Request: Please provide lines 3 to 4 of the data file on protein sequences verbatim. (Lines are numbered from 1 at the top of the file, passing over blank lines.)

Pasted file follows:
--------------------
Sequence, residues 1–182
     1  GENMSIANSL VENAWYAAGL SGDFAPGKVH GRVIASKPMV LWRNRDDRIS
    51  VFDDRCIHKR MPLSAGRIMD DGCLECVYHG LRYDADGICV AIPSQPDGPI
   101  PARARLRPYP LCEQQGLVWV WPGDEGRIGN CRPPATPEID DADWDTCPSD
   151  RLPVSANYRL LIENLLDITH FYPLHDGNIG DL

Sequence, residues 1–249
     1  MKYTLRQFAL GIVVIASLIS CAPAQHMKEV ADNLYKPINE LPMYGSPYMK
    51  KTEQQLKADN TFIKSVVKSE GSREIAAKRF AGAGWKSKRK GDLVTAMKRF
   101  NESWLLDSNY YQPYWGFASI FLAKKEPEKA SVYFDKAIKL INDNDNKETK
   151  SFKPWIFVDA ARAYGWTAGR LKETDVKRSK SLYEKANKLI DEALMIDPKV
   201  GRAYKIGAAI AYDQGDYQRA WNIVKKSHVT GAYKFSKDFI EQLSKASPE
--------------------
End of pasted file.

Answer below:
    51  VFDDRCIHKR MPLSAGRIMD DGCLECVYHG LRYDADGICV AIPSQPDGPI
   101  PARARLRPYP LCEQQGLVWV WPGDEGRIGN CRPPATPEID DADWDTCPSD